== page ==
Mill pond

A mill pond (or millpond) is a body of water used as a reservoir for a water-powered mill.[1][2]

Hagley mill pond on Brandywine Creek in Delaware which fed the mill race in back, to supply power to the DuPont gunpowder mills, an important armaments industry in the history of the United States.


Mill ponds were often created through the construction of a mill dam or weir (and mill stream) across a waterway.

In many places, the common proper name Mill Pond has remained even though the mill has long since gone. It may be fed by a man-made stream,[3] known by several terms including leat and mill stream. The channel or stream leading from the mill pond is the mill race, which together with weirs, dams, channels and the terrain establishing the mill pond, delivers water to the mill wheel to convert potential and/or kinetic energy of the water to mechanical energy by rotating the mill wheel. The production of mechanical power is the purpose of this civil engineering hydraulic system.

The term mill pond is often used colloquially and in literature to refer to a very flat body of water.[2] Witnesses of the loss of RMS Titanic reported that the sea was "like a mill pond".[2][4]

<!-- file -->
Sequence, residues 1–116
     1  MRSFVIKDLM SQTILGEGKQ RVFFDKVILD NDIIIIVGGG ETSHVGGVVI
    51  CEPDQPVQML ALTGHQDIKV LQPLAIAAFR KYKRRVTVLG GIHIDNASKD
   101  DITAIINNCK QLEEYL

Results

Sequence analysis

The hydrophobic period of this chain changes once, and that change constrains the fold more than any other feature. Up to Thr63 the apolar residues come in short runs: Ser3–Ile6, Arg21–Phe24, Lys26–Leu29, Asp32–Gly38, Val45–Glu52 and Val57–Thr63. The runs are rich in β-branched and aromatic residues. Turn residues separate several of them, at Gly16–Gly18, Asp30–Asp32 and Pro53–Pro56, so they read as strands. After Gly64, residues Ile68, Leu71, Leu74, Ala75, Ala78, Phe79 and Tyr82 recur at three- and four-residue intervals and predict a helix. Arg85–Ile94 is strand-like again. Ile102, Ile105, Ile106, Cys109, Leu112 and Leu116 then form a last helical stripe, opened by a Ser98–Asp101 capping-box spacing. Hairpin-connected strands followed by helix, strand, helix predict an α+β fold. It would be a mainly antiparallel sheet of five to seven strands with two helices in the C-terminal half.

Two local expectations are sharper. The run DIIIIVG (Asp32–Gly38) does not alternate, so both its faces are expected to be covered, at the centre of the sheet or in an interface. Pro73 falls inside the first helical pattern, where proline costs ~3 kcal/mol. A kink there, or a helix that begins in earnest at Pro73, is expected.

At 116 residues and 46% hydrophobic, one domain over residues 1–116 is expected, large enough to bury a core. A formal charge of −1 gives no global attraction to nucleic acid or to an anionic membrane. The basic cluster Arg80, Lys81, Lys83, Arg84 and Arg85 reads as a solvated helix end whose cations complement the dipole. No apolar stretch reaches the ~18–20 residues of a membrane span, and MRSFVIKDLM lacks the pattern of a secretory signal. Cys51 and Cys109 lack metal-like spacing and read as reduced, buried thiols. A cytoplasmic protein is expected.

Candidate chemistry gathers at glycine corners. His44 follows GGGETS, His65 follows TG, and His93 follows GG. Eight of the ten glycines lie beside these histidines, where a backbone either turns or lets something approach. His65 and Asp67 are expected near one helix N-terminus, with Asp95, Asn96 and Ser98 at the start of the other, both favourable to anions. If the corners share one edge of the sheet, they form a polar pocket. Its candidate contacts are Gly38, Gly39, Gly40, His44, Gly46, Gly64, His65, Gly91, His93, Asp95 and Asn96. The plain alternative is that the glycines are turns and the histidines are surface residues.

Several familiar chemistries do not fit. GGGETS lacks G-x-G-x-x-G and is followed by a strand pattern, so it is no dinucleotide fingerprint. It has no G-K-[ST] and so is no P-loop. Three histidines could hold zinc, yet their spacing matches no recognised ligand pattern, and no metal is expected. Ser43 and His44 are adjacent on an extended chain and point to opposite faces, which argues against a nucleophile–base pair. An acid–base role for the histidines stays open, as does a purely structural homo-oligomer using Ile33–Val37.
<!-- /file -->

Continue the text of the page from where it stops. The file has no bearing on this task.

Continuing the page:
Panorama of Cromford mill pond. Cromford, county of Derbyshire, England.

Footnotes and referencesEdit


  1. ^ Random House Dictionary (1640–1650). "Mill pond at". Retrieved 7 September 2013. mill·pond [mil-pond] noun 1. a pond for supplying water to drive a mill wheel. Origin: 1640–50; mill1 + pond
  2. ^ a b c World English Dictionary. "Mill pond at" (Collins English Dictionary 10th ed.). HarperCollins. Retrieved 7 September 2013. millpond (ˈmɪlˌpɒnd)— n 1. a pool formed by damming a stream to provide water to turn a millwheel 2. any expanse of calm water: the sea was a millpond
  3. ^ World English Dictionary (1640). "Leat at" (Collins English Dictionary 10th ed.). HarperCollins. Retrieved 7 September 2013. leat (liːt) — n ( Brit ) 1. a trench or ditch that conveys water to a mill wheel [Old English -gelǣt (as in wætergelǣt water channel), from let 1 ]
  4. ^ Ruth Becker Archived 2011-08-31 at the Wayback Machine Titanic witness


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